Carroll variety store's retired owners seek tenants for building

Hampstead planners to offer feedback on marketing, possible uses

July 24, 2000|By Anne Haddad | Anne Haddad,SUN STAFF

The loyal customers of Bob's Variety Store know nothing can replace it, now that the Main Street fixture has closed its doors after 40 years. But owners Bob and Sue Klingenberg are hoping to fill the space with at least one business that will thrive.

Tomorrow, the Klingenbergs are scheduled to go before Hampstead Planning and Zoning Commission to get feedback about what changes they could make to help market the 4,200-square-foot space at 1206 N. Main St.

"We just want to see what the options are, to see whether we could leave it as one store or divide it, so we know before we market it," said Sue Klingenberg.

She said she and her husband have not actively sought tenants or buyers.

"We have a sign up, and that's about it," she said.

When they decided to retire, the couple tried to sell the store as a variety store, she said. But with such a large and expensive stock, and a Wal-Mart set to open north of town, they could find no takers, she said.

A few prospective renters have contacted them, but ruled out the building for one reason or another, usually because it is too big.

One person wanted to open a clothing store. One was interested in selling books. Another was considering an ice cream parlor. Other proposals included motorcycle sales and service and computer sales.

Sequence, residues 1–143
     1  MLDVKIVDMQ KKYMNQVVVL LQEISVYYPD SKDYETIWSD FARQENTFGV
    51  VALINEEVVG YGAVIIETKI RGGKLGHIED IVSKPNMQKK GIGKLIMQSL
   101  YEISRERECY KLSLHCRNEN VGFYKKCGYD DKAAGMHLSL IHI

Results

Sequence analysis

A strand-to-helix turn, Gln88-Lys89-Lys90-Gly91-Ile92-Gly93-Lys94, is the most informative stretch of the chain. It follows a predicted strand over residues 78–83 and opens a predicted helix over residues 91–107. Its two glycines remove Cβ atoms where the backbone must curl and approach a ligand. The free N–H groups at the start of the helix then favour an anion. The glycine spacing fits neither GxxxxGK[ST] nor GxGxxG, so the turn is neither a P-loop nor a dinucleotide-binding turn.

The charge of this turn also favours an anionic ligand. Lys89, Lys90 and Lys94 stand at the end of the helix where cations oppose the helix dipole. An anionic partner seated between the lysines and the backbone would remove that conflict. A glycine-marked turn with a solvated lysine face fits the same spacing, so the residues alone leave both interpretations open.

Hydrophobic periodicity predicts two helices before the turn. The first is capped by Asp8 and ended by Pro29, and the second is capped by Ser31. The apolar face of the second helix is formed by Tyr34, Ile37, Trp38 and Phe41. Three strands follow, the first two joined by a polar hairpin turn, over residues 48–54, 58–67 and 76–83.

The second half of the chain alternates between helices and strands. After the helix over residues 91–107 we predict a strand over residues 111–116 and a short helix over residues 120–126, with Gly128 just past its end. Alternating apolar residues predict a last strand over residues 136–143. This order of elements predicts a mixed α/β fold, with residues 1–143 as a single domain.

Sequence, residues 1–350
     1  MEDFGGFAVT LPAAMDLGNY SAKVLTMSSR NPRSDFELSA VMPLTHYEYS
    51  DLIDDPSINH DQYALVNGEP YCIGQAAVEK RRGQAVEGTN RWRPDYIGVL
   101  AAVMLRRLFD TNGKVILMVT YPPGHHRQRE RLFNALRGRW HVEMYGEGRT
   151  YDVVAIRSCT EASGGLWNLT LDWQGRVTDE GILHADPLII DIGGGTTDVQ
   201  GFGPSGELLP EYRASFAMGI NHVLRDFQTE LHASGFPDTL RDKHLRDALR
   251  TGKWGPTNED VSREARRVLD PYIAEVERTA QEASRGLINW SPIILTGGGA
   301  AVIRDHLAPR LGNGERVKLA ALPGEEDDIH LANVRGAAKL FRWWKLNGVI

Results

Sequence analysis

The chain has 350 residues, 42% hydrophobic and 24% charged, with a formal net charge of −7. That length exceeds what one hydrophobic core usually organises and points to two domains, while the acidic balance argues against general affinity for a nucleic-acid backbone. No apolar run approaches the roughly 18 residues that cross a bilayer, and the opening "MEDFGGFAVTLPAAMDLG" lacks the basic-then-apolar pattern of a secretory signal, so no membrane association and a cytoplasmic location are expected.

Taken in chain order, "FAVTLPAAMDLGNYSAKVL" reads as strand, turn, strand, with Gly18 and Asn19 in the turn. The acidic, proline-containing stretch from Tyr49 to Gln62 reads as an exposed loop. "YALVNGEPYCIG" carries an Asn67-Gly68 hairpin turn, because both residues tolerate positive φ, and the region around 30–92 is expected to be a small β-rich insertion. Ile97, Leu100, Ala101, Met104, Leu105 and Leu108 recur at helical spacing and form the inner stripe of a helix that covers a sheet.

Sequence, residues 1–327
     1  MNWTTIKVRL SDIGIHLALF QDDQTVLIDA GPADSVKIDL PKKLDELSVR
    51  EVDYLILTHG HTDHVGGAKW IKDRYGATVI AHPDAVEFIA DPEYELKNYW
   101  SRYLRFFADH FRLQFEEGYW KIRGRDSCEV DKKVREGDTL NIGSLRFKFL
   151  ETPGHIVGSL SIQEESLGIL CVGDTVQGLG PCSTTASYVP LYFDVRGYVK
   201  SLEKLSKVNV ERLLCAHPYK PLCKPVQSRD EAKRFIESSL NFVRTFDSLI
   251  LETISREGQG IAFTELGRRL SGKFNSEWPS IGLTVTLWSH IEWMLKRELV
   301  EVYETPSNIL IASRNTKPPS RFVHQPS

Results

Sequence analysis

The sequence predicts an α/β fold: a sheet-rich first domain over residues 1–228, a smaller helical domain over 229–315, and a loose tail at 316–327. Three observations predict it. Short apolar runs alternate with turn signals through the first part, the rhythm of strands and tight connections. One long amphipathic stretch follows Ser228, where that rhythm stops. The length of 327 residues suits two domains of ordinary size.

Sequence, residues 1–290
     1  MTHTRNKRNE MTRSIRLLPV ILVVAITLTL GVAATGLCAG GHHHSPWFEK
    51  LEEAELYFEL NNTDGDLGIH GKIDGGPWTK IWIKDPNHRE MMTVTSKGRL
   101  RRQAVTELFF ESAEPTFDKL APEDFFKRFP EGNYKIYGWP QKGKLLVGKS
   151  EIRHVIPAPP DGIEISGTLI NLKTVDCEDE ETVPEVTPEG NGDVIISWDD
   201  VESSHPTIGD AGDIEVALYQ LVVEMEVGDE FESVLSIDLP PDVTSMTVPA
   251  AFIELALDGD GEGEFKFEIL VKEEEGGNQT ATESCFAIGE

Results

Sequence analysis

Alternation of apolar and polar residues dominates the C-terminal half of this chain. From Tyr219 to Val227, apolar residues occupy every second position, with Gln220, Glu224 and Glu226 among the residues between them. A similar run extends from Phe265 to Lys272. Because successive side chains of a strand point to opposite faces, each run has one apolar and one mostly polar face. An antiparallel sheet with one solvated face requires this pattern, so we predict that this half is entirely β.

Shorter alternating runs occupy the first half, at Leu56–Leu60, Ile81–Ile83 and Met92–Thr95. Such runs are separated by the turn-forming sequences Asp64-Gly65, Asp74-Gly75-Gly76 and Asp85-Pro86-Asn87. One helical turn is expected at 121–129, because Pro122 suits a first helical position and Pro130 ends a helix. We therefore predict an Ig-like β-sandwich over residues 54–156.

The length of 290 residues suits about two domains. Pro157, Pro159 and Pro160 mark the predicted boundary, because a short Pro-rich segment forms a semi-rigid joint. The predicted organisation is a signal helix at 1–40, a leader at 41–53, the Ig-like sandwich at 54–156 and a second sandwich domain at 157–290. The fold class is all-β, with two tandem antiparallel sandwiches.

Those ideas are no longer on the table, Sue Klingenberg said. But if the store can be divided into smaller units, that might provide flexibility to rent it, she said.

Dennis Wertz, chairman of the Planning and Zoning Commission, said the Klingenbergs might not require any special consideration from town government, especially if they were to keep the building as a retail establishment.

Other uses, however, such as a restaurant, would require a permit to waive the requirement that owners provide parking spaces. Bob's has relied on on-street and public parking. But zoning laws enacted since the store opened 40 years ago require new business uses to go through a permit process for parking, or request a waiver.

"I've always been able to park on the street when I went to Bob's," Wertz said. "There's a lot of on-street parking in Hampstead, and the turnover is high."

He said that while the Klingenbergs might not need permission for some of their ideas for change, the commission is willing to provide information they need.

"It's in the heart of the downtown area," Wertz said. "We don't want to see it vacant for a long time. We want to see it used."

The Planning and Zoning Commission will meet at 7 p.m. tomorrow at Hampstead Town Hall, 1034 S. Carroll St.

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